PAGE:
Thursday, March 31, 2011

How Can Anyone Be Against Open Meetings?

"In October of 2004, a member of the city council in Alpine, Texas, sent an e-mail to other councilmembers asking if they wanted to place a particular item on a future council agenda. The following day, one of the other councilmembers responded to recipients of the first e-mail, stating that she agreed that the item should be discussed. The local district attorney decided that this e-mail exchange violated the Texas Open Meetings Act (TOMA) because the e-mails ultimately involved a quorum of the city council. As a result, two of the councilmembers were criminally indicted by a grand jury."
-- Texas Municipal League

I can understand why some good people may come to the conclusion that public service just isn't worth the aggravation. The idea behind the Texas Open Meetings Act (TOMA) is good, but it doesn't achieve its purpose. It doesn't drive government deliberations out into the open. It simply squelches them. Not by statute, but by practical effect. Good intentions, unintended consequences.

I know, I know, it sounds like I'm against motherhood and apple pie, against the flag, against good governance and for smoke-filled rooms, but ... after the jump, the case against the Texas Open Meetings Act. Not open meetings, mind you. The law.


The TOMA requires three days notice, a posted agenda and a public venue for members of, say, a city council to jointly discuss issues affecting their community. The law applies not just to group meetings. If council member A talks to member B, who later talks to member C, who later talks to member D, you have what the law considers a "walking quorum" which is illegal. To protect themselves from criminal indictments, cautious council members simply don't talk to each other at all. How is that in the public interest?

Can you imagine any business getting anything done by operating this way? Successful businesses *want* employees talking to each other, sharing ideas, lessons-learned, suggestions. Imagine a business telling employees that if you have a solution to a pressing problem, to keep it to yourself until next week's staff meeting, and if the idea occurs to you on a weekend, say, less than 72 hours before the Monday staff meeting, then keep it to yourself until the staff meeting a full week after that, and in all cases don't talk to your fellow employees about your good idea at all outside of the weekly staff meetings.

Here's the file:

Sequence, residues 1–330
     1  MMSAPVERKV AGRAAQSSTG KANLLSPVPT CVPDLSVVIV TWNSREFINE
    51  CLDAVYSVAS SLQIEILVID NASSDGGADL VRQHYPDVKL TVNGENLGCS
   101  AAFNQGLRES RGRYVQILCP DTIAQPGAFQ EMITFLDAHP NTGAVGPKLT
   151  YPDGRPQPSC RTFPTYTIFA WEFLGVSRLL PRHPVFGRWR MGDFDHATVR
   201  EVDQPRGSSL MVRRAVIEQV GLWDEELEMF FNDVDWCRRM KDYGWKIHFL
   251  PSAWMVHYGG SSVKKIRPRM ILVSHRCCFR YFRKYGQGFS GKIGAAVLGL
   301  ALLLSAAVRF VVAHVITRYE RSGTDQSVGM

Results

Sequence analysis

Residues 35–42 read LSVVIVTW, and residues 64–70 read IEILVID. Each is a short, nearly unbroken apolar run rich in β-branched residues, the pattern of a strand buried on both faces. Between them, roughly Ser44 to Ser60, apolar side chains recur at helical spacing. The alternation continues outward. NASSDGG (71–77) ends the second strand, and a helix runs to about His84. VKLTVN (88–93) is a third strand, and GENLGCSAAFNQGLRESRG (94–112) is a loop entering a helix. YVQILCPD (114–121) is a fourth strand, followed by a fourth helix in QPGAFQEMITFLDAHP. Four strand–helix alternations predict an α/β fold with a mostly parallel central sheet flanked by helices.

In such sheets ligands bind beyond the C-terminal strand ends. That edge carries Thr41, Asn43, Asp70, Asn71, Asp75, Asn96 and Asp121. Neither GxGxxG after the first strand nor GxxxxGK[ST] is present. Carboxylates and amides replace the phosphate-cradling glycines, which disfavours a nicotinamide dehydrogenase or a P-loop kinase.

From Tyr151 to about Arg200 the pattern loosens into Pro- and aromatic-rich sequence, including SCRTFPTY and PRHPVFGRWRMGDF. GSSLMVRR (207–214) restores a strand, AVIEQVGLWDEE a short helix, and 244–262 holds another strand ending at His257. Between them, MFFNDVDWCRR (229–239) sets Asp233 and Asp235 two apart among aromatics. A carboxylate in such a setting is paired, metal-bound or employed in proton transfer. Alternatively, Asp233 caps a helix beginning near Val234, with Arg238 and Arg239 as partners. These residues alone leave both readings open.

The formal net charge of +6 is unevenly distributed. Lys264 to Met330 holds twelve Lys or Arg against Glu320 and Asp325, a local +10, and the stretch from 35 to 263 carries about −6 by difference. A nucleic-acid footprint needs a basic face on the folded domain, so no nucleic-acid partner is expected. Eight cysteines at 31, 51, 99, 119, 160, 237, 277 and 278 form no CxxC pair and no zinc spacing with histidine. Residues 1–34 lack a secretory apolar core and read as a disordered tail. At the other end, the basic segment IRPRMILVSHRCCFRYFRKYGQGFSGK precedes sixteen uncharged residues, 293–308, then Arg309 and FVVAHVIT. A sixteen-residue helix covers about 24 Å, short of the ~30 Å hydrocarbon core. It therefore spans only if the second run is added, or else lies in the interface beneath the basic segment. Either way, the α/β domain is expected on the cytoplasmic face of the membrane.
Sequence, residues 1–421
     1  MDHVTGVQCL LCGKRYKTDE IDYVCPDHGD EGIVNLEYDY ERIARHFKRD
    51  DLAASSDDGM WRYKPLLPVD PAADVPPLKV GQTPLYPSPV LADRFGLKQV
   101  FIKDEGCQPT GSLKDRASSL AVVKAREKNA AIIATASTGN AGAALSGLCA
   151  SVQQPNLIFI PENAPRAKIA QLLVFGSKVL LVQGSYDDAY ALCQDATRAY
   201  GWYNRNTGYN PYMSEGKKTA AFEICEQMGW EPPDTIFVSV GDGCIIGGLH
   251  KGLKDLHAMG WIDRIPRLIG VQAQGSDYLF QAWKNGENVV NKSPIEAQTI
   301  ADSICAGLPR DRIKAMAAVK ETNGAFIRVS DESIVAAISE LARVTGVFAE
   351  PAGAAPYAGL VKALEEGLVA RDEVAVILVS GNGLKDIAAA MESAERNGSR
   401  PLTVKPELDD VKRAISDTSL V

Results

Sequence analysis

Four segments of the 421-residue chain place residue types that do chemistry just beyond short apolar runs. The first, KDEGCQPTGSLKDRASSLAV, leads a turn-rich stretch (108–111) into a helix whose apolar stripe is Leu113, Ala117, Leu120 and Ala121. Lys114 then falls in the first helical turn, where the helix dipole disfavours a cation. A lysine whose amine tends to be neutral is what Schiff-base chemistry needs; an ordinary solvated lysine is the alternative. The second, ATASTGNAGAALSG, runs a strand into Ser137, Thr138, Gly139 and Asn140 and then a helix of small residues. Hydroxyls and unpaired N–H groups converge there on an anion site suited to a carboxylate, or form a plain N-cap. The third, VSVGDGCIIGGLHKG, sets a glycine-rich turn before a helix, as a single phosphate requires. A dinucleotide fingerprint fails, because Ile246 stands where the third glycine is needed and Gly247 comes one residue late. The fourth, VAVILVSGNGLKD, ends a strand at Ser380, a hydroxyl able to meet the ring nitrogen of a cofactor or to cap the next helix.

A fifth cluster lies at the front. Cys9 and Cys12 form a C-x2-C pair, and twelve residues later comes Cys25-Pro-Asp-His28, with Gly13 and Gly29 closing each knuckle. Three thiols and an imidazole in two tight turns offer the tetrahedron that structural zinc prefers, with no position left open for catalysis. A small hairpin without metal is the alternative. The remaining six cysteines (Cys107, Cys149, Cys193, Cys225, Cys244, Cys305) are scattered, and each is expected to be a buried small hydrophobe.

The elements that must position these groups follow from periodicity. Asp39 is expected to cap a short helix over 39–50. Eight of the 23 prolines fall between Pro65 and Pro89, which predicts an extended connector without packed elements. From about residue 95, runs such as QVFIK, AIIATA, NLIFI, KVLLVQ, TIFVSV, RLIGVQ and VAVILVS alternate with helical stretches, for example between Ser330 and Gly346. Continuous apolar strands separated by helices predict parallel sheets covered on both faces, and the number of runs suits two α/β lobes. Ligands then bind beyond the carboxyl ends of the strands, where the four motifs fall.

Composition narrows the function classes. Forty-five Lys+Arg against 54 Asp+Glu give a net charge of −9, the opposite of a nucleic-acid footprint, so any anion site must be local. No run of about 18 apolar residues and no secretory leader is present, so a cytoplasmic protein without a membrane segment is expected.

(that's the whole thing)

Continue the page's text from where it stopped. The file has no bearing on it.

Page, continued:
Obviously, no organization can be effective operating like this. It's maybe why many city councils so often appear to be ineffective, even clueless at times. Because city government itself is sometimes effective, something else must be filling the vacuum created by the TOMA. If the elected council members are sidelined and even silenced by the TOMA most of the week, to whom does the power shift? To the unelected city staff, city attorney and lobbyists who meet and consult and collaborate with whomever, whenever, wherever needed to negotiate the ordinances and regulations that will be put before the city council for their approval. The council members may be able to ask questions and make suggestions during the public meetings, but by then, the bulk of the work has been done. How is the public interest served by this? It isn't.

Even if you are cautious, a citizen's complaint might still bring grief into the life of a council member. Members of the Austin City Council have been hiring lawyers after prosecutors began investigating a complaint that council members have been holding walking quorums. Want to serve your community? Prepare to hire a personal lawyer.

Unfortunately, matters are likely to get worse before they get better. Rep. Todd Hunter (R-Corpus Christi) has introduced bill HB2977 that would bar texting, e-mailing, instant messaging or Internet posting during a public meeting. So, if you are a private citizen in the habit of live tweeting your comments about an ongoing public meeting, know that your council representative might soon be barred by law from listening to you. How is the public interest served by putting our elected representatives in a cone of silence? It isn't.

Several members of city councils across Texas have been challenging the TOMA restrictions on their speech on Constitutional grounds. A federal judge has already ruled against such challenges. That's unlikely to change on appeal and I'm not sure it should. Instead, the Texas Open Meetings Act ought to be rewritten (repeat, rewritten, not scrapped), not because it's unconstitutional, but because it doesn't serve its intended public interest.

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